Don Juan, the arrogant, chronic seducer of women, is a myth that’s been around forever. Some Don Juan stories, plays, movies and operas conclude with an odd, tacked-on, happy ending. Not so for Mozart and his librettist Lorenzo Da Ponte back in 1787. Their interpretation of the archetype explores the dark side of the womanizer-without-a-conscience. The famous opera, “Don Giovanni,” ends in bitter defiance and death.
That said, Mozart’s “Don Giovanni” has been deemed a brilliant tragicomedy and near-perfect opera. You can see a livestreamed performance at 11 a.m. Saturday at Fort Lewis College in The MET Live in HD series.
The legend of Don Juan grew out of persistent, observed behaviors by entitled aristocrats with too much time on their hands. With an insatiable libido and an obsessive-compulsive tendency to keep track of conquests, the classic womanizer known as Don Juan eventually became a type. In the 17th and 18th centuries, the Don Juans of literature and opera usually had a servant, a go-to guy who could make and break appointments and escape the wrath of an angry father or husband. Leporello is Mozart and Da Ponte’s particular invention, and it is Leporello that brings the comedy and conscience to this opera.
If you go
WHAT: The MET: Live in HD will present Mozart’s “Don Giovanni.”
WHEN: 10:55 a.m. Saturday.
WHERE: Vallecito Room, Student Union, Fort Lewis College, 1000 Rim.
TICKETS: $28 general admission, $25 for seniors, $24 Met members, $12 students, available at the door.
MORE INFORMATION: Visit www.durangoconcerts.com or call 247-7657.
NOTE: Sung in Italian with English subtitles. Running time: four hours.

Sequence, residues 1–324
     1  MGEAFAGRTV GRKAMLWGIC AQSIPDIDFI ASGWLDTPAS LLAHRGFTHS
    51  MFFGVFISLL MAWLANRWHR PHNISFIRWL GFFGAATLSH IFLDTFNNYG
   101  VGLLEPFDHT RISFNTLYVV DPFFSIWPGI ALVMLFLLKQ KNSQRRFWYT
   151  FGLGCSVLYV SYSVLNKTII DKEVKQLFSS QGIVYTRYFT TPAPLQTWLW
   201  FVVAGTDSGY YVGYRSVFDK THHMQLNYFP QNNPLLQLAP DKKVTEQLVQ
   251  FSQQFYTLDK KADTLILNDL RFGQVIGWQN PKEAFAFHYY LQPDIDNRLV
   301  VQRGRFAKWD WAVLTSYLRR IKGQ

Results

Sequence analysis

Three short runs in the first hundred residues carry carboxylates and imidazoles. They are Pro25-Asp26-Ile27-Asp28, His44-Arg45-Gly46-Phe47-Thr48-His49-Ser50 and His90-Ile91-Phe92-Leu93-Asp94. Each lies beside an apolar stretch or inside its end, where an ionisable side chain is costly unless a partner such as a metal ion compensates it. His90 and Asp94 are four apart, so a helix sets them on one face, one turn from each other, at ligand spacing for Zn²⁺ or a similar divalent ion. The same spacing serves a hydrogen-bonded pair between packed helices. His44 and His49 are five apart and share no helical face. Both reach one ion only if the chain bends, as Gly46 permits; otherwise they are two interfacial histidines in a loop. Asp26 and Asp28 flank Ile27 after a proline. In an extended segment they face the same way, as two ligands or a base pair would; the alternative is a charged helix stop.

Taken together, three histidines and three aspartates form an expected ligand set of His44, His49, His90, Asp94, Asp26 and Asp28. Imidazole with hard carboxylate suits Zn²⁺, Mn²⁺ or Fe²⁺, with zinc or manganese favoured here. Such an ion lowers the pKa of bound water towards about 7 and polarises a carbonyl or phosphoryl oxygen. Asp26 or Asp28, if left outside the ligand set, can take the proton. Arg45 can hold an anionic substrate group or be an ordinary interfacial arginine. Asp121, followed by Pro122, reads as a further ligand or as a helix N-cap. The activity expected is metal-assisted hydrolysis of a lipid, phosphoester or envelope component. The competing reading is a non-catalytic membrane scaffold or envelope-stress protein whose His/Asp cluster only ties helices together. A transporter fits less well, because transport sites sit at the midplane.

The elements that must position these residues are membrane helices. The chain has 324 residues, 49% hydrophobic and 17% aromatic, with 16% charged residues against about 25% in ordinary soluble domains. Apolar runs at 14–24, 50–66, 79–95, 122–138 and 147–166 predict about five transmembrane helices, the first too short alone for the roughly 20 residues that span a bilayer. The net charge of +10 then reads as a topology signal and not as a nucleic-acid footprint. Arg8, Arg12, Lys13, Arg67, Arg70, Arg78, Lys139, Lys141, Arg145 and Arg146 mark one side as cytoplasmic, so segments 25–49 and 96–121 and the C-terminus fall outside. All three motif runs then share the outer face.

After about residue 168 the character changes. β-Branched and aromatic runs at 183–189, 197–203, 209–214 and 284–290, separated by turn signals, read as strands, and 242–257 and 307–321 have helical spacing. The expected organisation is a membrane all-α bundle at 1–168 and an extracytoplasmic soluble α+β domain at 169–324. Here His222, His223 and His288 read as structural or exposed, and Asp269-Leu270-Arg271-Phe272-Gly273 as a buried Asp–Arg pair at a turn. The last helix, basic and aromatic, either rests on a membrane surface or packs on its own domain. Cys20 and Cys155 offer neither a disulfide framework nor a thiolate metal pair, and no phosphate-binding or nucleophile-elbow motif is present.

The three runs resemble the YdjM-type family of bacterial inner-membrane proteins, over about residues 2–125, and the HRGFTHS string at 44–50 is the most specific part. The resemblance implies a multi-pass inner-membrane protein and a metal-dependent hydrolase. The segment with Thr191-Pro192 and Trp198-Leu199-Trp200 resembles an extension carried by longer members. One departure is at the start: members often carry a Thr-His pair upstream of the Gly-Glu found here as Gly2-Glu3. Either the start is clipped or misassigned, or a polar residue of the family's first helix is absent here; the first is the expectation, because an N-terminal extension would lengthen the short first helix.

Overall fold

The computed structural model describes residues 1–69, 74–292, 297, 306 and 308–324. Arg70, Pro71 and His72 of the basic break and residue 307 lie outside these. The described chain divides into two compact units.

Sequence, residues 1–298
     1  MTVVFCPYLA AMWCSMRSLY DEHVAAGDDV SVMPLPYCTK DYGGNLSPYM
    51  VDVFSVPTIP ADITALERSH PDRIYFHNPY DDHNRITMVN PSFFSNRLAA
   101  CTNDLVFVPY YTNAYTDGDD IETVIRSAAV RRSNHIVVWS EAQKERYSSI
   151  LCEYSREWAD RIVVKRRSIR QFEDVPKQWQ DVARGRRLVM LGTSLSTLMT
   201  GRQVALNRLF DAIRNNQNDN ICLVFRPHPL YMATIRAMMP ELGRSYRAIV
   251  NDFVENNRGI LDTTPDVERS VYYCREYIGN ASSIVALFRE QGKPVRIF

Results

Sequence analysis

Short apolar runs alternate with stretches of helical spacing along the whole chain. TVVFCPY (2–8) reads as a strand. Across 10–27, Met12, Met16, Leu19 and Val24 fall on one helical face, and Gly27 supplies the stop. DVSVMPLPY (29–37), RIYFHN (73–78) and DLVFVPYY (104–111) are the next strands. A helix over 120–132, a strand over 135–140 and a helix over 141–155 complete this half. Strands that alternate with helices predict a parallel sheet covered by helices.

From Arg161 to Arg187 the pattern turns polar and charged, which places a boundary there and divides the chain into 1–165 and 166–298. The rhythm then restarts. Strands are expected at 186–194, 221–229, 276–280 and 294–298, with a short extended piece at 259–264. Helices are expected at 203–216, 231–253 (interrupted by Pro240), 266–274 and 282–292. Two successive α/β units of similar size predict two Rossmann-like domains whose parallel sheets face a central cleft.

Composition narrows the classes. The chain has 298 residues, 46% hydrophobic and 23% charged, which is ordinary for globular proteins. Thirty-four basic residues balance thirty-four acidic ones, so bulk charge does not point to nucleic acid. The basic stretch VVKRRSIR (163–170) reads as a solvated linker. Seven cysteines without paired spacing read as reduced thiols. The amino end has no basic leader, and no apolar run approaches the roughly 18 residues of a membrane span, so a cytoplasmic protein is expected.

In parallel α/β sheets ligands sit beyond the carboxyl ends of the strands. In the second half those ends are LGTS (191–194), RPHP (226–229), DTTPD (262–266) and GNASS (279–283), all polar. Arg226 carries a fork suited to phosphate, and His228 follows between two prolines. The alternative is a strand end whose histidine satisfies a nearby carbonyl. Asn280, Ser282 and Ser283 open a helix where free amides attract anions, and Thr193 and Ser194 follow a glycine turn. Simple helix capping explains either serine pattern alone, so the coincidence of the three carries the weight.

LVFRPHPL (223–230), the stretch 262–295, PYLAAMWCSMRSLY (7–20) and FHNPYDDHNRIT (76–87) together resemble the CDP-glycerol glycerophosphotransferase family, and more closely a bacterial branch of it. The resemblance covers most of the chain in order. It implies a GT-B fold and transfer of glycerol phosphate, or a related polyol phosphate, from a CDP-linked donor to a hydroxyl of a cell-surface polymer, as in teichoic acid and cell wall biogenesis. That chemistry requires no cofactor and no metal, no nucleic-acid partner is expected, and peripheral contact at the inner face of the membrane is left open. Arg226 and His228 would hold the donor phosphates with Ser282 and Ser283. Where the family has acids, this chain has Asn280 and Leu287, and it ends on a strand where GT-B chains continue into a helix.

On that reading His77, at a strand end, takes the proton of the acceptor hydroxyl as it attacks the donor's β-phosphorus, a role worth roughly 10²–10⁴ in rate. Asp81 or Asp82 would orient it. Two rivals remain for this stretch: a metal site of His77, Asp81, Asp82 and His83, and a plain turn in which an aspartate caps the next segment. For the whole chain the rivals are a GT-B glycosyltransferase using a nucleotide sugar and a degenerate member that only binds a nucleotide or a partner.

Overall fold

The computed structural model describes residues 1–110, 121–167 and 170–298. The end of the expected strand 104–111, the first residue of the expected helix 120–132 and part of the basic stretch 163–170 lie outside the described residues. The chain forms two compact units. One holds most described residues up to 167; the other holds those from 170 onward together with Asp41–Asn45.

“Don Giovanni” begins with a seduction in progress and turns ink black almost immediately Within minutes, Giovanni woos Donna Anna, hears her father coming, tries to escape, then engages in a struggle with the Commendatore, and kills him. A high-voltage opening scene like that had never been seen before 1787. The early conflict propels all the action to come. Everything that happens in Act I reverberates through to the spectacular conclusion.
“Giovanni” followed another Mozart-da Ponte success, “The Marriage of Figaro.” The creamy wit of that comic opera made Mozart a hero of sorts, the entertainment celebrity of the hour, the gossip magnet of Prague. Music lovers eagerly awaited the next production. A documented and delicious historical tidbit places Casanova himself at the premiere of “Giovanni.”
In the Met’s new production, Director Ivo van Hove’s contemporary staging delivers massive concrete buildings that turn and rotate so silently the spaces seem ominous. The modern brutalist design calls up Mussolini’s fascist Rome. And into this harsh world, threatening from the start, ambles a virile, middle-aged Giovanni (Swedish baritone Peter Mattei) still on the prowl.
Mattei may be a different Don Juan than a younger singer. Polish-born baritone Mariusz Kwiecien sang the role in the Met’s 2011 iteration with the swagger and smarty-pants confidence he also brought to the Santa Fe Opera. In 2016, Simon Keenlyside, 57, reminded us that Don Juans never die, they just keep on womanizing.
Do we need any more obvious reminders that the type persists and often brings an entourage? In 2016, I wrote in these pages that Billy Bush was currently playing the Leporello role in an “Access Hollywood” version. Today, in real time, Leporello might find his counterpart in the aging, comic persona of Rudy Giuliani. “Watch this space,” as Rachel Maddow says.
To round the curve on the 2023 production, it’s a delight to note that Nathalie Stutzmann, music director of the Atlanta Symphony Orchestra, is making her Met debut conducting “Don Giovanni.” We’ll see her again soon as she will conduct another Mozart masterpiece, “Die Zauberflote” on June 3.
Judith Reynolds is an arts journalist and member of the American Theatre Critics Association.